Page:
January 18, 2023 

Ottawa, ON — Justin Bourque, convicted of three counts of first-degree murder and two counts of attempted murder of Moncton RCMP officers in 2014 has applied for a modification to his parole eligibility, which will be heard by the New Brunswick Court of Appeal on February 15, 2023. 

Bourque’s application is based on a recent Supreme Court of Canada (SCC) decision that struck down parole ineligibility beyond 25 years for those convicted of multiple murders.  

At the time of sentencing, Court of Queen’s Bench Chief Justice David Smith called Bourque’s reign of terror ‘one of the most horrific crimes in the history of Canada’. The presiding Judge also said he wants ‘anyone else considering a similar action to realize they could spend the rest of their lives in prison’. 

This is the first time this SCC decision has been considered for a killer convicted of murdering police officers. Canada’s Criminal Code provides protection provisions stipulating that ‘Irrespective of whether a murder is planned and deliberate … murder is first degree murder when the victim is a police officer [or other similar professions] acting in the course of his duties’. 

“Over the past six months, five Canadian police officers have been killed on duty, and against the backdrop of evolving criminal activity, a deficit of police resources and funding, and the increased revolving jailhouse door, leniency for a convicted police killer would be another slap in the face to those who serve, and to all Canadians,” said Brian Sauvé, President, National Police Federation.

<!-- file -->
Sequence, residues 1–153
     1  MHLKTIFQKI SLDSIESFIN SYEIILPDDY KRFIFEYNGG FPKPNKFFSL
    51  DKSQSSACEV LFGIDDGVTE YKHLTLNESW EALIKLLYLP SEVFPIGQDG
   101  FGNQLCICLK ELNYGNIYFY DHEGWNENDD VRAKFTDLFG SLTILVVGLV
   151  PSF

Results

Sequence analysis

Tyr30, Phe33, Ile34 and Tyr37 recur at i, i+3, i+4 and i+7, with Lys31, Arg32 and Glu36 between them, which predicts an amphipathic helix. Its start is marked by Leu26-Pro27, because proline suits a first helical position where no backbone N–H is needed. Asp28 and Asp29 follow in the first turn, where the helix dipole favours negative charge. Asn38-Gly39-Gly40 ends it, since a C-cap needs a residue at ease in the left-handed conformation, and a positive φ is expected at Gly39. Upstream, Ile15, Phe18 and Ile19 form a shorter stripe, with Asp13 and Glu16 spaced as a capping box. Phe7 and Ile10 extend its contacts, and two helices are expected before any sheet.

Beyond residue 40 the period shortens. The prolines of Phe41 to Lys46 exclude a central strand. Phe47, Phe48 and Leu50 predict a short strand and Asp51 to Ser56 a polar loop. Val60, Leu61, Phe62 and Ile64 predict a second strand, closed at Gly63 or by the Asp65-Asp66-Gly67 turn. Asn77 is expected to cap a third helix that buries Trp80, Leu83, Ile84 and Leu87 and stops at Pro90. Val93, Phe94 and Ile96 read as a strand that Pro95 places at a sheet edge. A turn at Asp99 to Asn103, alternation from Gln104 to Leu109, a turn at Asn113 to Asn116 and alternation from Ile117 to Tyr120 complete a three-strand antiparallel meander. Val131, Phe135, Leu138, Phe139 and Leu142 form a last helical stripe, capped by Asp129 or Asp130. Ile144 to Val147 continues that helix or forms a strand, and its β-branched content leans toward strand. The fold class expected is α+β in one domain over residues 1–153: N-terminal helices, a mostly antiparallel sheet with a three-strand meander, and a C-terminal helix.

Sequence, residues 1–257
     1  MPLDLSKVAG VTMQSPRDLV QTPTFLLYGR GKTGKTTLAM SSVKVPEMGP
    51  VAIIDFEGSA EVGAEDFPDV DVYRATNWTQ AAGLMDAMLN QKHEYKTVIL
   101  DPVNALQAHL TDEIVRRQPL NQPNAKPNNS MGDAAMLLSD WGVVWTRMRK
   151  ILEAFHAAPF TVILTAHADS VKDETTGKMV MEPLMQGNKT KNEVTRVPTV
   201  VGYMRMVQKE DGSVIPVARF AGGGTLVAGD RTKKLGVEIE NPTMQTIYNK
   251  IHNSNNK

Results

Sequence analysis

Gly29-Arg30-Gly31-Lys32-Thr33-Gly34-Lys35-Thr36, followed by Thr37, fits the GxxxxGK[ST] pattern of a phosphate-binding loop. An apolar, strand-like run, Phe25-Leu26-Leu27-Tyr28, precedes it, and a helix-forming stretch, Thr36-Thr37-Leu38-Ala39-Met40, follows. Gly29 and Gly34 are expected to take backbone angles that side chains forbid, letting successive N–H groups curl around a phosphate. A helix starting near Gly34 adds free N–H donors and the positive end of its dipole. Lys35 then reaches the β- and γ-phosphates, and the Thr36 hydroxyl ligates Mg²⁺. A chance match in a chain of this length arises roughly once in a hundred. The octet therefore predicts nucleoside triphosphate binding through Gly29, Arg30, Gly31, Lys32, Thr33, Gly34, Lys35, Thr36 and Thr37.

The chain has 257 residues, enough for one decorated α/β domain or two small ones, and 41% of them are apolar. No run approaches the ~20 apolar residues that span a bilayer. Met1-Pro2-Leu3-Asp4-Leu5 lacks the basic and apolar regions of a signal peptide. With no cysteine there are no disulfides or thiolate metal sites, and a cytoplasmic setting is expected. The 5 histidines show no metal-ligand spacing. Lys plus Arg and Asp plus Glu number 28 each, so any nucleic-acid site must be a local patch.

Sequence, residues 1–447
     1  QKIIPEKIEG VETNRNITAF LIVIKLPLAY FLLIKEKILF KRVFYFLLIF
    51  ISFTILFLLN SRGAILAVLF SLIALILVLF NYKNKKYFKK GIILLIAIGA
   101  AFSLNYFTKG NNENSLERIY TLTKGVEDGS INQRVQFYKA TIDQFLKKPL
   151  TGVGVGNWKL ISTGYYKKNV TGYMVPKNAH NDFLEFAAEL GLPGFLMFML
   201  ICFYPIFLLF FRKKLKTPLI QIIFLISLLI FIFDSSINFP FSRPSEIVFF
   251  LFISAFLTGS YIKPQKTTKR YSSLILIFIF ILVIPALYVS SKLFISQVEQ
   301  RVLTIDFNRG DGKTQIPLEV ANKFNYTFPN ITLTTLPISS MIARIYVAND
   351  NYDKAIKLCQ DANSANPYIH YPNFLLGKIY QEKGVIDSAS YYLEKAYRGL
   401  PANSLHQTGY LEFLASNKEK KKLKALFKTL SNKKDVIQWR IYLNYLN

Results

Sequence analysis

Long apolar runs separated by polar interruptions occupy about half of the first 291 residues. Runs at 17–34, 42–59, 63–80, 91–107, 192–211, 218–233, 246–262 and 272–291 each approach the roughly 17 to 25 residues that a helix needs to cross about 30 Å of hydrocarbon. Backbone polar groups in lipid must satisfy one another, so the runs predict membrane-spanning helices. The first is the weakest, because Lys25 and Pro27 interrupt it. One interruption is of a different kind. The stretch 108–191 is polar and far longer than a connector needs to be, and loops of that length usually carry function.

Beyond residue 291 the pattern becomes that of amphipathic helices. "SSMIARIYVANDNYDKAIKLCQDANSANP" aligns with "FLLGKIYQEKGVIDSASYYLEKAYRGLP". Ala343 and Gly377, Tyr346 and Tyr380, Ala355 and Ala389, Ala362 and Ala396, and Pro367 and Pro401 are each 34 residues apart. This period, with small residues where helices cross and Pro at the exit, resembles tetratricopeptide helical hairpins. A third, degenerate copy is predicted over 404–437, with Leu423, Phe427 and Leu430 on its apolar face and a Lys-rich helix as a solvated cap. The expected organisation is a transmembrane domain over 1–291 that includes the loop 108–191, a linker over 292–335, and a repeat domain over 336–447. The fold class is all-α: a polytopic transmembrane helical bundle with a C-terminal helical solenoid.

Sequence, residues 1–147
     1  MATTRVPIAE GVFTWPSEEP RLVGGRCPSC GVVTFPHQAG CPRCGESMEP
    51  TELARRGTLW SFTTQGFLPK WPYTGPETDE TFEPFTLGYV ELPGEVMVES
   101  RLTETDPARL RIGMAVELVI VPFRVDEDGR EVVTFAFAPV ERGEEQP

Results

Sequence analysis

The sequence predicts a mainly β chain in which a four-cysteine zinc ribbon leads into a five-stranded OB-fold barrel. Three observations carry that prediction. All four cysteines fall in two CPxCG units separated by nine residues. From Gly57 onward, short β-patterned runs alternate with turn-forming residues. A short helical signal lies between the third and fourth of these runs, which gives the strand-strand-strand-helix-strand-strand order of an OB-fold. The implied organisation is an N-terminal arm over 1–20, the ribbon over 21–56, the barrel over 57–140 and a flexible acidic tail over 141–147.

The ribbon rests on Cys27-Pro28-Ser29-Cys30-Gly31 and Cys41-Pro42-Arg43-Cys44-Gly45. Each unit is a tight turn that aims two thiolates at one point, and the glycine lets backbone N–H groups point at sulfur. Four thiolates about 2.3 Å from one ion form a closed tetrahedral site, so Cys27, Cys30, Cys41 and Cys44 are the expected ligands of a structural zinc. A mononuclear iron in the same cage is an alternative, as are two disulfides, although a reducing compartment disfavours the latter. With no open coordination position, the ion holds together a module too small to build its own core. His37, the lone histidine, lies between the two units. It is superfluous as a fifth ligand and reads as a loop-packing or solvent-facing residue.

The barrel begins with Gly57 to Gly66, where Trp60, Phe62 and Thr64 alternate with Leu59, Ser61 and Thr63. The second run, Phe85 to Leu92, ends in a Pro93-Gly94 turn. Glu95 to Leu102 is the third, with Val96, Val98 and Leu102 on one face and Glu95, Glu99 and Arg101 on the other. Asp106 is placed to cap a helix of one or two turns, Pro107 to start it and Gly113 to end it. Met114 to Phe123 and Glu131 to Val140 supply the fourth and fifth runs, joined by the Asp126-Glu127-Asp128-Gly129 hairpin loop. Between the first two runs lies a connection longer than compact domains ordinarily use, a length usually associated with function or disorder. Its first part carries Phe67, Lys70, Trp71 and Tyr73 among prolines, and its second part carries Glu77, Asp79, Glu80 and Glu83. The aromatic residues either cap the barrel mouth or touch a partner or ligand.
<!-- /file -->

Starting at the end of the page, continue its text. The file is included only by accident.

“In addition to supporting Canadian premiers’ unanimous call for the Government of Canada to take ‘immediate action to strengthen Canada’s bail system’, the National Police Federation strongly advocates for governments at all levels to invest in policing and address the root causes of crime. While Canadian policing is among the most highly regulated in the world, our legal framework has become a ‘court system’ rather than a ‘justice system’. This latest example is particularly egregious, and we’ll be watching the application closely on behalf of our Members.” 

There is significant data showing Canadians are concerned about Canada’s legal system: 

  • A national December 2022 Pollara Strategic Insights survey found 75% of Canadians feel that the federal government should fix and expand the criminal court system to better address repeat offenders and the revolving jailhouse door rather than seeking to reduce police officers or budgets. 
  • In a separate December 2022 Pollara survey, B.C. residents cited ‘tougher sentencing’ as having the highest impact on reducing crime in their community. 
  • A July 2022 Pollara survey of Albertans found that 77% want the government to focus on fixing the justice system, rather than proceeding with a police service review. 

About the National Police Federation: 

The National Police Federation (NPF) was certified to represent ~20,000 RCMP Members serving across Canada and internationally in the summer of 2019. The NPF is the largest police labour relations organization in Canada; the second largest in North America and is the first independent national association to represent RCMP Members. 

The NPF is focused on improving public safety in Canada by increasing resources, equipment, training, and other supports for our Members who have been under-funded for far too long. Better resourcing and supports for the RCMP will enhance community safety and livability in the communities we serve, large and small, across Canada. 

For more information: https://npf-fpn.com/ 

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Media contacts: 

Fabrice de Dongo
Manager, Media Relations
[email protected]
(647) 274-7118

Sarah Kavanagh
Coordinator, Media Relations
[email protected]
(604) 842-6864